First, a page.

In a final accident report published on Wednesday, the National Transportation Safety Board (NTSB) found decisions made by the pilot and copilot to be the probable cause of the 2019 crash of a Cessna Citation 680 business jet carrying former NASCAR driver Dale Earnhardt Jr., his wife, Amy, and their 1-year-old daughter, Isla. According to the Board’s report (PDF), the aircraft came in too fast and bounced on landing, touching down a total of four times before the right main landing gear collapsed. Following the gear collapse, the plane slid off the runway, going through a ditch and a fence before coming to rest approximately 600 feet from the runway threshold.
The NTSB found that aircraft initially touched down at around 18 knots above Vref. Counter to the landing checklist, the pilot did not extend the aircraft’s speedbrakes on touchdown, instead electing to deploy thrust reversers. A go-around was attempted on the third bounce, but “electronic engine controls prevented the increase in engine power because the thrust reversers were not stowed.” The Board determined that the accident was the result of “the pilot’s continuation of an unstabilized approach despite recognizing associated cues and the flight crew’s decision not to initiate a go-around before touchdown …” Contributing factors included “the pilot’s failure to deploy the speedbrakes during the initial touchdown … and the pilot’s attempt to go around after deployment of the thrust reversers.”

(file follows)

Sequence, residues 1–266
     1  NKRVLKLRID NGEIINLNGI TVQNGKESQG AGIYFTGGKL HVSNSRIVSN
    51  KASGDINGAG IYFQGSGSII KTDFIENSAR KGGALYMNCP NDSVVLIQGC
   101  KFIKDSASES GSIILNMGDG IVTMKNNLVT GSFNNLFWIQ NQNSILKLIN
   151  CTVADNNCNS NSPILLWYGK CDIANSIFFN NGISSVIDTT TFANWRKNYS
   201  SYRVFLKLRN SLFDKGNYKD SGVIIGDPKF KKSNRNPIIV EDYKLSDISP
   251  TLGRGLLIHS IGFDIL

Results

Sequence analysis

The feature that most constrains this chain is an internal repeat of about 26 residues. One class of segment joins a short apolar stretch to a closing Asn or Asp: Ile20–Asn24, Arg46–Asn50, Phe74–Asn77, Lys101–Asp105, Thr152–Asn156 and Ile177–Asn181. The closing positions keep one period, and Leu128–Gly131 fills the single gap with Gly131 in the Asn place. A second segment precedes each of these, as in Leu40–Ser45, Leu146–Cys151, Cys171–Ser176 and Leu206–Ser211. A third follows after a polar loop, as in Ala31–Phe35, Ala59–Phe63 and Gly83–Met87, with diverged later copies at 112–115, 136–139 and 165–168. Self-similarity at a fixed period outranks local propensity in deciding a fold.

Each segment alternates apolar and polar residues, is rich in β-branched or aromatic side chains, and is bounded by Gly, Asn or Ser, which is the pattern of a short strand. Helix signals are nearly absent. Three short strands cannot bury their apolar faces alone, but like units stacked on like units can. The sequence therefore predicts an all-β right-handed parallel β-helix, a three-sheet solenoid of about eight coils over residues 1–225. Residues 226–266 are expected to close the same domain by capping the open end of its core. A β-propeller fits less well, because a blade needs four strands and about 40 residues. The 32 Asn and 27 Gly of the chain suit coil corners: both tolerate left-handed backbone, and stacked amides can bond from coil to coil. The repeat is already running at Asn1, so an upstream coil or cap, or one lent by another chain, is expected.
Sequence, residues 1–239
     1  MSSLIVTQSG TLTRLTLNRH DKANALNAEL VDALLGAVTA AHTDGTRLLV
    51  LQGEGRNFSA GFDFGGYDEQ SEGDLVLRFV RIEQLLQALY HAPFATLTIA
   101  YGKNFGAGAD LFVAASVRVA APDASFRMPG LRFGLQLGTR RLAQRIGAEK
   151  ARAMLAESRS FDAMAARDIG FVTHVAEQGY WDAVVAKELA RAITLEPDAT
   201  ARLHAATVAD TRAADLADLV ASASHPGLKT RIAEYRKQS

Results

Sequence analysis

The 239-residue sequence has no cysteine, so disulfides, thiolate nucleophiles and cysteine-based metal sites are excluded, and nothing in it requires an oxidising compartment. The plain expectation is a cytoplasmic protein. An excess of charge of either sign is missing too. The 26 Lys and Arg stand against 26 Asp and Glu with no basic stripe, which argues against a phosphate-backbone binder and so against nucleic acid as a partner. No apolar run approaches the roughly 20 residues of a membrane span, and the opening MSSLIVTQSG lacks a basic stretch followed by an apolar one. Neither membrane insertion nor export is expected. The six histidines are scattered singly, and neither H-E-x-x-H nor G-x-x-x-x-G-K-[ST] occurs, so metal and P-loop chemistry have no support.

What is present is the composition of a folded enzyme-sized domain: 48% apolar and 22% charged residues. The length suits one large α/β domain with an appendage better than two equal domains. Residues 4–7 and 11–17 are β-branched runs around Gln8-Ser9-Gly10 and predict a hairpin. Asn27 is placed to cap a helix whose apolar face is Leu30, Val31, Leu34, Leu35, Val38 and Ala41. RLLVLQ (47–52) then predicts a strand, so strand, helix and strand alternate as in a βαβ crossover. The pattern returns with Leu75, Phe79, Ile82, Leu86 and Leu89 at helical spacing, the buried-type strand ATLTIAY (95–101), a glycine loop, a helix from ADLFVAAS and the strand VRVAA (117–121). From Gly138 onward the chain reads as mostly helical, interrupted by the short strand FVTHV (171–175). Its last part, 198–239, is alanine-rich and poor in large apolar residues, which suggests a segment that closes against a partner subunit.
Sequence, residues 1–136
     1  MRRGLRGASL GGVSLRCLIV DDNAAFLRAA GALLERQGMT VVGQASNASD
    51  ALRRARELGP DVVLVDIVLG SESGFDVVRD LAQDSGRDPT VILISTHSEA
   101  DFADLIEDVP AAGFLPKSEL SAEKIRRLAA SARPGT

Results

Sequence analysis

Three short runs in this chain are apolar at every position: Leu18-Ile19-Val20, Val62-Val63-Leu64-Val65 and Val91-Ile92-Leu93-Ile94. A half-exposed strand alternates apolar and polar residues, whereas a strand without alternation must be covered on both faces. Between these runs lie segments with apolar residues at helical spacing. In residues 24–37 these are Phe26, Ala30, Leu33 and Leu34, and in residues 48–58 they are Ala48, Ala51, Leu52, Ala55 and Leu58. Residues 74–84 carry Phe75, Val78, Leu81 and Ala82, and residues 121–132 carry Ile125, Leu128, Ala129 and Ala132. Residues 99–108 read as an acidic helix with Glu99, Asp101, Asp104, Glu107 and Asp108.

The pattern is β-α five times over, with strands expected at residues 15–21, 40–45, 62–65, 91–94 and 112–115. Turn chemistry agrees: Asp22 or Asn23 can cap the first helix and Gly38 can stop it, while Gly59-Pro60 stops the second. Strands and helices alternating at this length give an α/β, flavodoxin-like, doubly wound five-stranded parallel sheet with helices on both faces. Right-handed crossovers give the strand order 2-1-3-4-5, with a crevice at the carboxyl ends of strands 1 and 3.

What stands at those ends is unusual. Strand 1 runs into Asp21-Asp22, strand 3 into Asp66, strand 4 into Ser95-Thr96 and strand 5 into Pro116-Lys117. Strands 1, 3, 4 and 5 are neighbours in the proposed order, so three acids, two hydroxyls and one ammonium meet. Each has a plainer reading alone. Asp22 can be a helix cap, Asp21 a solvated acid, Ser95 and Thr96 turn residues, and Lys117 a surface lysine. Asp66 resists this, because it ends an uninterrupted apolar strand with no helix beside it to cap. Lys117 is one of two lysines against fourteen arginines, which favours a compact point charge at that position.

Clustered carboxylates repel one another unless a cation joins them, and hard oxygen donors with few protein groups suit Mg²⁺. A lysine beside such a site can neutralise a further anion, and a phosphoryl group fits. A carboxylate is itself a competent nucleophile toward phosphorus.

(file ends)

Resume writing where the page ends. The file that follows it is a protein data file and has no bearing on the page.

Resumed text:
As previously reported by AVweb, the accident occurred on Aug. 15, 2019, at approximately 3:40 p.m. local time at Tennessee’s Elizabethton Municipal Airport (0A9). Minor injuries were sustained by the three passengers onboard. The aircraft was destroyed in a post-crash fire.